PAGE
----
World Cup | Just Fontaine: The man with the golden boot

France have had some quality goalscorers over the years.

Thierry Henry, Michel Platini, David Trezeguet, Zinedine Zidane, and Jean-Pierre Papin were all masters of putting the ball in the oppositions net, but 60 years ago a French-Moroccan, Just Fontaine went to Sweden with Les Bleus to participate in the 1958 World Cup and in that tournament he set a record that still stands to this very day.

Fontaine was born in Marrakech, which was part of French Morocco at that time.

He moved to Casablanca when he was young, and began his football career with USM Casablanca in 1950, before signing for Nice three years later. Whilst with Nice he helped them win a league title and a French Cup before moving to Reims in 1956.

At that time, Reims were one of the biggest clubs in French football, and he won three league titles, a French Cup, and two French Super Cups at the club.

Fontaine made his international debut in 1953, and scored a hat trick on his debut, but he wouldn’t play for France again until 1956. Remarkably, he only played once in 1956 and once in 1957 before his career defining achievements in 1958.


France were drawn into Group 2 alongside Yugoslavia, Paraguay, and Scotland in what was a 16 team tournament.

Fontaine got his campaign off to an excellent start with a hat trick in France’s 7-3 win over Paraguay, but they lost their next game 3-2 to Yugoslavia, although Fontaine scored both of France’s goals to take his personal tally to five goals.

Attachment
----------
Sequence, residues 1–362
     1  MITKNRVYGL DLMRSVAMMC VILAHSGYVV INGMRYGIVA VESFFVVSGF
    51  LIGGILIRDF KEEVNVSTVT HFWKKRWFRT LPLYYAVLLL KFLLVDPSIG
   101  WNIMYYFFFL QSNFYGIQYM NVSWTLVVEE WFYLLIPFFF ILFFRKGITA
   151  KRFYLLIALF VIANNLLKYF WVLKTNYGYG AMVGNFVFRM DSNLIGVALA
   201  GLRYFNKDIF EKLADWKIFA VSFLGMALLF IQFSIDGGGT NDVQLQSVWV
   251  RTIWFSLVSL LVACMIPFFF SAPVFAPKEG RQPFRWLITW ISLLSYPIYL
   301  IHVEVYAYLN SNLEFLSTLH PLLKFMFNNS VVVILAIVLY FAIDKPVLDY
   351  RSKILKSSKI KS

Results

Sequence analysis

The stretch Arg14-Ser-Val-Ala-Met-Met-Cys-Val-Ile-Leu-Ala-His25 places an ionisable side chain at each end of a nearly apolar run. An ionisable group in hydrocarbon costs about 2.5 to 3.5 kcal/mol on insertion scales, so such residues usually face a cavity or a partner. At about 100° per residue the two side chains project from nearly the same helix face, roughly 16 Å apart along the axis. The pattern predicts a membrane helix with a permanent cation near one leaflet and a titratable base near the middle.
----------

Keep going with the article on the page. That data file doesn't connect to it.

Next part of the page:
In their final group game, France beat Scotland 2-1, with Fontaine scoring the second goal to ensure Les Bleus progressed to the quarter-finals.

Northern Ireland were comfortably dispatched in the last eight with Fontaine grabbing two goals in a 4-0 win, before a Pelé inspired Brazil defeated the French in the last four.

Pelé grabbed a hat trick – while Fontaine added one to his tally – as Brazil won 5-2, but Fontaine would still have the third place playoff to add to his haul for the tournament. Not one to waste an opportunity, Fontaine netted four times as France defeated West Germany 6-3, to take his overall tally for the tournament to a remarkable 13 goals.

To put Fontaine’s achievement into context, only three players in the history of the World Cup have scored more than Fontaine, and they all did it over multiple tournaments.

Gerd Muller scored 14 goals over two tournaments, Ronaldo scored 15 over three tournament,s and the World Cup’s record goalscorer Miroslav Klose scored his 16 goals over four tournaments.

For Fontaine to score 13 goals in six games is remarkable, especially when you consider that to win the tournament nowadays teams play seven games, and only Ronaldo in 2002 (8 goals) has scored more than six goals in any of the last 10 World Cups.

Unfortunately, Fontaine had to retire from football at the age of 29, so he was never able to return for another World Cup, but regardless of the fact his career wasn’t as long as he would have liked, he made a lasting impact on the game, and we are still talking about what seems like an impossible to beat record sixty years later.

Gerry Johnston


This article originally appeared on, where you can find a definite World Cup guide.